Skip to main content

Geographic labour mobility and unemployment insurance in Europe

Abstract

Conventional wisdom suggests that the generous provision of UI in Europe can account for the low regional mobility rates. Emphasizing the disincentive effect, this hypothesis ignores that UI might also have a positive effect by relaxing liquidity constraints in the presence of mobility and search costs. This paper investigates empirically the effect of UI on geographic labour mobility for five European countries. Overall, the findings suggest that receiving benefits is not associated with lower mobility, and they indicate that the effects might vary depending on the institutional characteristics and the incentive structure of the UI system of each country.

This is a preview of subscription content, access via your institution.

References

  1. Ahn N, de la Rica S, Ugidos A (1999) Willingness to move for work and unemployment duration is Spain. Economica 66:335–357

    Article  Google Scholar 

  2. Algan Y, Cahuc P (2006) Civic attitudes and the design of labor market institutions: which countries can implement the Danish flexicurity Model? IZA Discussion Paper No. 1928

  3. Antolin P, Bover O (1997) Regional migration in Spain: the effect of personal characteristics and of unemployment, wage and house price differentials using pooled cross sections. Oxf Bull Econ Stat 59(2):215–235

    Article  Google Scholar 

  4. Atkinson A, Micklewright J (1991) Unemployment compensation and labor market transitions: a critical review. J Econ Lit 29(4):1679–1727

    Google Scholar 

  5. Barron J, Mellow W (1979) Search effort in the labour market. J Hum Resour 14(4):389–404

    Article  Google Scholar 

  6. Belot M, Ermisch J (2006) Friendship ties and geographic mobility: evidence from the BHPS. IZA Discussion Paper No. 2209

  7. Ben-Horim M, Zuckerman D (1987) The effect of unemployment insurance on unemployment duration. J Labor Econ 5(3):386–390

    Article  Google Scholar 

  8. Bertola G (2000) Labor markets in the European Union. Ifo Stud 1:9–122

    Google Scholar 

  9. Bertola G, Ichino A (1995) Wage inequality and unemployment: US vs. Europe. In: Bernanke B, Rothemberg J (eds) NBER macroeconomic annual. MIT Press, Cambridge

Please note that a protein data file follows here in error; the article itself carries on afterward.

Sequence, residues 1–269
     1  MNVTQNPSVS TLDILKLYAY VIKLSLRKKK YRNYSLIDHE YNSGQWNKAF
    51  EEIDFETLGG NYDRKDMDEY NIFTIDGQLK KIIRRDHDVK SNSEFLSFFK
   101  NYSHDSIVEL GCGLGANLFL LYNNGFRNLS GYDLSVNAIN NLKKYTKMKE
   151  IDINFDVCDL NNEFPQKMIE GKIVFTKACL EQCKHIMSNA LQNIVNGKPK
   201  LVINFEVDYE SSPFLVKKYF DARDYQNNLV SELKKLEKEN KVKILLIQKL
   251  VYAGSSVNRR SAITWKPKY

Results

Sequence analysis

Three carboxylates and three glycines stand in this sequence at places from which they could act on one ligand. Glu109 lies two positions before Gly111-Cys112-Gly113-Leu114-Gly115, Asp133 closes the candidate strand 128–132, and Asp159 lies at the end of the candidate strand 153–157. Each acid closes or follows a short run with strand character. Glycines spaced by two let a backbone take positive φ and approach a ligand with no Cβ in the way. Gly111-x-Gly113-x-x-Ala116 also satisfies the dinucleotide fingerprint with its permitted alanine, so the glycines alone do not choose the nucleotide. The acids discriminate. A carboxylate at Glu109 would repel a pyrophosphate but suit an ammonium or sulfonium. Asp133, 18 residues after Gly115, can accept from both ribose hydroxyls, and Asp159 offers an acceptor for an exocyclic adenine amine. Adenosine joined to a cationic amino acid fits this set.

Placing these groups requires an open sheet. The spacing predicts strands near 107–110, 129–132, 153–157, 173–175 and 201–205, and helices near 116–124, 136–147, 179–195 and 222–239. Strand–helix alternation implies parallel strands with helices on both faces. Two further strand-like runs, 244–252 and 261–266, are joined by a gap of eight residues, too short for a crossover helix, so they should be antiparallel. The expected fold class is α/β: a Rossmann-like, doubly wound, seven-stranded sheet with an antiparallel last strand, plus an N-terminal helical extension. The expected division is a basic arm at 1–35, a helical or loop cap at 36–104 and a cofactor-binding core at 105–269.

Google Scholar 

  10. Bertola G, Jimeno JF, Marimon R, Pissarides C (2000) EU welfare systems and labour markets: diverse in the past, integrated in the future. In: Bertola G, Boeri T, Nicolleti G (eds) Welfare and employment in a United Europe. MIT Press, Cambridge

    Google Scholar 

  11. Bertola G, Foellmi R, Zweimüller J (2006) Income distribution in macroeconomic models. J Econ 89(2):187–190

    Article  Google Scholar 

  12. Blanchard O, Katz L (1992) Regional evolutions. Brookings Pap Econ Act 1:1–74

    Article  Google Scholar 

  13. Chamberlain G (1980) Analysis of covariance with qualitative data. Rev Econ Stud 47(1):225–238

    Article  Google Scholar 

  14. Da Vanzo J (1978) Does unemployment affect migration? Evidence from micro data. Rev Econ Stat 60(4):504–514

    Article  Google Scholar 

  15. Decressin J, Fatas A (1995) Regional labor market dynamics in Europe. Eur Econ Rev 39(9):1627–55

    Article  Google Scholar 

  16. European Commission (2001) High Level Task Force on Skills and Mobility, Final report, Brussells

  17. Goss E, Paul C (1986) Age and work experience in the decision to migrate. J Hum Resour 21(3):397–405

    Article  Google Scholar 

  18. Goss E, Paul C (1990) The impact of unemployment insurance benefits on the probability of migration of the unemployed. J Reg Sci 30(3):349–358

    Article  Google Scholar 

  19. Greenwood MJ (1997) Internal migration in developed countries. In: Rosenzweig MR, Stark O (eds) Handbook of population and family economics. Elsevier North-Holland, Amsterdam, pp 647–720

    Google Scholar 

  20. Hassler J, Mora J, Storesletten K, Zilibotti F (2005) A positive theory of geographical mobility and social insurance. Int Econ Rev 46(1):263–303

    Article  Google Scholar 

  21. Henley A (1998) Residential mobility, housing equity and the labour market. Econ J 108(2):414–427

    Article  Google Scholar 

  22. Herzog HW Jr, Schlottmann AM, Boehm TP (1993) Migration as spatial job-search: a survey of empirical findings. Reg Stud 27(4):327–340

    Article  Google Scholar 

  23. Hughes G, McCormick B (1981) Do council house policies reduce migration between regions. Econ J 91:919–937

    Article  Google Scholar 

  24. Jimeno JF, Bentolila S (1998) Regional unemployment persistence (Spain, 1976–1994). Labour Econ 5(1):25–51

    Article  Google Scholar 

  25. Lippman SA, McCall JJ (1979) Studies in the economics of search. North Holland, Amsterdam